Locate the bracket holes squarely over a firebrick for a solid, reliable connection; avoid mounting the bracket on a mortar joint, which can cause the bracket to loosen over time. Mark and drill holes for the expansion fasteners or concrete screws, which are usually supplied in the kit.

Mount the bracket and adjust the chain handle on the cable so the damper stays closed when the chain locks into the retainer bracket slot. Feed the damper control cable through the large hole in the retainer bracket and pass it through the stop fitting at the end of the handle and chain. Slide the cable into the retainer bracket slot and position the stop fitting against the bracket.

Pull on the cable with pliersuntil the top-sealing damper closes. When it’s shut, tighten the set screw on the stop fitting to lock it on the cable. On some models, there is a spring between the top end of the cable and the damper to give the cable a little extra play. Be careful not to pull too hard on the cable when adjusting the lock or you could overstretch the spring.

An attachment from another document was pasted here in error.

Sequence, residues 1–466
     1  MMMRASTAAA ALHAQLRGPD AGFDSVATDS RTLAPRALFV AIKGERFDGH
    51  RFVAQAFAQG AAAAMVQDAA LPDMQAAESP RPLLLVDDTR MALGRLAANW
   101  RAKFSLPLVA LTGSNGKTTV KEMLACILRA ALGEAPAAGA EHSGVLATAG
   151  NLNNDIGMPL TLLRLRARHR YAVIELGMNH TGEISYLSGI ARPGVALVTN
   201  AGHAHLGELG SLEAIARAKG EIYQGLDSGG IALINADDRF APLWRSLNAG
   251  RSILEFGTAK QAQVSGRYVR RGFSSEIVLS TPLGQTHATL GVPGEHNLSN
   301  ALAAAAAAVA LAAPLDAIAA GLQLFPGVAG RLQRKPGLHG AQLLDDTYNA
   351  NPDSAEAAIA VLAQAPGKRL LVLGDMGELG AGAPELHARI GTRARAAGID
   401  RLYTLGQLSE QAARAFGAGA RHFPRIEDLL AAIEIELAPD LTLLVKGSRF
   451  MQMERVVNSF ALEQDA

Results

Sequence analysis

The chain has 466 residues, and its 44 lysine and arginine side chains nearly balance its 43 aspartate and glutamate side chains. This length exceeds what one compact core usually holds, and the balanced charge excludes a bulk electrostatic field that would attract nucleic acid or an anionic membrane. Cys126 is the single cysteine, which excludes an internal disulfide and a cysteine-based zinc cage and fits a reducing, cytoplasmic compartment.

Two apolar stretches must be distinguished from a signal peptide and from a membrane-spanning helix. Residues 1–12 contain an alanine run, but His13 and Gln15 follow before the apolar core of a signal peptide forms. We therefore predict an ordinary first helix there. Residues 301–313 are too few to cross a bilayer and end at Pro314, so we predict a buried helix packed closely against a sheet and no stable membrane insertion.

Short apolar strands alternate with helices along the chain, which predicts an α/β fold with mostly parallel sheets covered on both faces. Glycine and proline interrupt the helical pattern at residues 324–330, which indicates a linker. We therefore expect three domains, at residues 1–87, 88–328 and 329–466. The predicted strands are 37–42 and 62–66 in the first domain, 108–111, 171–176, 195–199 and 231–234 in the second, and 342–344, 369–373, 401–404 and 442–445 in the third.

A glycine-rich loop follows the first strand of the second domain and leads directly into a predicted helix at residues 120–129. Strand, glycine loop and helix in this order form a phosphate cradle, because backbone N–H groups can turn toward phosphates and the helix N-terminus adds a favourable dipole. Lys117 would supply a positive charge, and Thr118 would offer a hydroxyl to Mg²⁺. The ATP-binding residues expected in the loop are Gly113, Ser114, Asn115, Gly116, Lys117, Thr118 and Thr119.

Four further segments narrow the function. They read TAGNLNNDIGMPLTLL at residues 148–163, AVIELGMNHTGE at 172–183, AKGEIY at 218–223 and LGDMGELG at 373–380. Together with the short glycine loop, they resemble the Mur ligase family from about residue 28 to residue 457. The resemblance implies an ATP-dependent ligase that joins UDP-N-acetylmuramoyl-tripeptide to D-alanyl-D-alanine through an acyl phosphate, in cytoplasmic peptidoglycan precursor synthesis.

Check to make sure that the damper is fully closed and re-adjust the cable length if necessary. Then trim the excess cable, leaving 2 inches to 3 inches past the stop fitting on the chain handle.

Operating the Flue-top damper